The diabetic foot

  • Andrew J.M. Boulton
    Affiliations
    Andrew JM Boulton MD DSc FRCP is a Professor of Medicine at the University of Manchester, UK and the University of Miami, USA, and Consultant Physician at Manchester Royal Infirmary, UK. Competing interests: none declared
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Published:December 24, 2018DOI:https://doi.org/10.1016/j.mpmed.2018.11.001

      Abstract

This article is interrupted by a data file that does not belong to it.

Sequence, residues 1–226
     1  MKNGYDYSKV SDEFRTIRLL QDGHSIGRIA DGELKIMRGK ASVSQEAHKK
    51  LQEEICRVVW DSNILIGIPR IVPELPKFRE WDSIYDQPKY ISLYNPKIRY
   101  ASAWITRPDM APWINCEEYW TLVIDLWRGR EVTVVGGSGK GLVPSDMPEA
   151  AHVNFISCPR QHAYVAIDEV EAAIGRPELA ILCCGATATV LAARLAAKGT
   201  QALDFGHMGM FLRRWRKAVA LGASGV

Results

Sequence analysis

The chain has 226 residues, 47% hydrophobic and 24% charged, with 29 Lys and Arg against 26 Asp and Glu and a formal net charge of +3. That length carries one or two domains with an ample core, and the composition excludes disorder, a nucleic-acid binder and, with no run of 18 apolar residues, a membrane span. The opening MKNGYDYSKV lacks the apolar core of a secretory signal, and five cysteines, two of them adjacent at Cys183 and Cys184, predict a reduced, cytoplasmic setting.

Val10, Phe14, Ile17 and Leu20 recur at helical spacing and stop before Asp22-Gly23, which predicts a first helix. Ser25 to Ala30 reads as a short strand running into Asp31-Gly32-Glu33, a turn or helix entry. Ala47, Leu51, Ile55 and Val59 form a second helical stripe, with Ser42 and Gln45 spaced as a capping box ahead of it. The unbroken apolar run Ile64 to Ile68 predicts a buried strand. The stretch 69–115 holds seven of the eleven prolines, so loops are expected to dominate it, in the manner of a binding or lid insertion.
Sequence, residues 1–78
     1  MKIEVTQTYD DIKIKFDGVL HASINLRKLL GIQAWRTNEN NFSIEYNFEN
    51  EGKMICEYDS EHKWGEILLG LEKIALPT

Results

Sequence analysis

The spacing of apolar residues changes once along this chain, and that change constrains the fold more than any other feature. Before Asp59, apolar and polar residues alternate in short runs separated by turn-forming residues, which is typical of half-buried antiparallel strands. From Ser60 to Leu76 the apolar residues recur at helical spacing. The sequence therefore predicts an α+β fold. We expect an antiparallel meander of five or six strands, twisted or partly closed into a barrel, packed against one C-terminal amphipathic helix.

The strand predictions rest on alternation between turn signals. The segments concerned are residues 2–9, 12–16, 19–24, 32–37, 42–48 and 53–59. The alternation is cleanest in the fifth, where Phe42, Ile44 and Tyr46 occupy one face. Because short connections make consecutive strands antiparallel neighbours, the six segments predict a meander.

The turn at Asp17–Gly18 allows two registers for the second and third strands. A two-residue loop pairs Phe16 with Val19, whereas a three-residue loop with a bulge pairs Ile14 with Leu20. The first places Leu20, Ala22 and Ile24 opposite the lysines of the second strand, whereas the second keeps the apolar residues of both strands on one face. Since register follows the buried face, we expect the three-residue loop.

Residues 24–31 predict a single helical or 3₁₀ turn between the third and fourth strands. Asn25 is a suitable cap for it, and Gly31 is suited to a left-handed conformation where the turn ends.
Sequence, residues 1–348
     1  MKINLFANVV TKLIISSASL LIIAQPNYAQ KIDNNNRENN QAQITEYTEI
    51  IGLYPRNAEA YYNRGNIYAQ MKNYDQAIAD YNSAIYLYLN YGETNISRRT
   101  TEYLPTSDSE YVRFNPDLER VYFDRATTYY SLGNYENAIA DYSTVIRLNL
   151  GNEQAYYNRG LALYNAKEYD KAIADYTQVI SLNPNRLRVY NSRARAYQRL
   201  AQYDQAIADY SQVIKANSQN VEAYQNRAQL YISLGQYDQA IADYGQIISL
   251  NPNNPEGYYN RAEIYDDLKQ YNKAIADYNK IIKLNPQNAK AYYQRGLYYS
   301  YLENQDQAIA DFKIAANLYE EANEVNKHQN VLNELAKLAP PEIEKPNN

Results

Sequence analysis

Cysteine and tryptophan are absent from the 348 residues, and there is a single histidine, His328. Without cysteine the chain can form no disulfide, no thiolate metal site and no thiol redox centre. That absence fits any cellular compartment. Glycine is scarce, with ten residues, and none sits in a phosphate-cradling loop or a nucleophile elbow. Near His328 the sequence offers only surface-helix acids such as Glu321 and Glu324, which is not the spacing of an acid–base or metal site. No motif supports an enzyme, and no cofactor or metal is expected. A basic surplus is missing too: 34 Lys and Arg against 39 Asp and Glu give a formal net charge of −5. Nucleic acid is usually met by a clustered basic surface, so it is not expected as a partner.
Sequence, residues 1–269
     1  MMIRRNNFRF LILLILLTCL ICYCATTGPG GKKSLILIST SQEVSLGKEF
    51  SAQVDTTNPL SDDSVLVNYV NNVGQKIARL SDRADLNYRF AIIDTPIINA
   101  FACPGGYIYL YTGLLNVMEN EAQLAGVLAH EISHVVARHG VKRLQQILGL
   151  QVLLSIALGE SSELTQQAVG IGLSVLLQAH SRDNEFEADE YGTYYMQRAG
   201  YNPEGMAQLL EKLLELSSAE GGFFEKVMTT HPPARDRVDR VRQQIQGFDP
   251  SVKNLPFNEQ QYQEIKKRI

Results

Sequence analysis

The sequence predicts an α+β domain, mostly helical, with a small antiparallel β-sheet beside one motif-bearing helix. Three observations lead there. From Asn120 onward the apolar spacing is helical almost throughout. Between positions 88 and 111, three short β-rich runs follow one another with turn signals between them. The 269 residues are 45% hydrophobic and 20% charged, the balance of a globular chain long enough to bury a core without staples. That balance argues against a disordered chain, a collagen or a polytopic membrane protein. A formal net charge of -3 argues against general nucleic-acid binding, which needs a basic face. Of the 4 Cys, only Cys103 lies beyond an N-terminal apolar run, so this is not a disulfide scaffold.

Foot ulceration in diabetes mellitus is common. Foot problems remain the most common cause of hospital admission among patients with diabetes mellitus in developed countries. The lifetime risk of a patient with diabetes developing an ulcer may be as high as 30%, and up to 85% of all lower limb amputations in diabetes are preceded by foot ulcers. Up to 50% of older patients with type 2 diabetes have risk factors for foot problems, and regular screening by careful clinical examination is essential; those found to be at risk should attend more regular follow-up, with education in foot self-care. The key to management of diabetic neuropathic foot ulceration is aggressive debridement with removal of callus and dead tissue, followed by application of some form of cast to offload the ulcer area. Most ulcers heal if pressure is removed from the ulcer site, arterial circulation is sufficient, and infection is managed and treated aggressively. Patients with a warm swollen foot without ulceration should be presumed to have acute Charcot neuro-arthropathy until proven otherwise. The optimal approach to reducing ulceration requires regular screening, patient education and a team approach to management, both in the community and in hospital.

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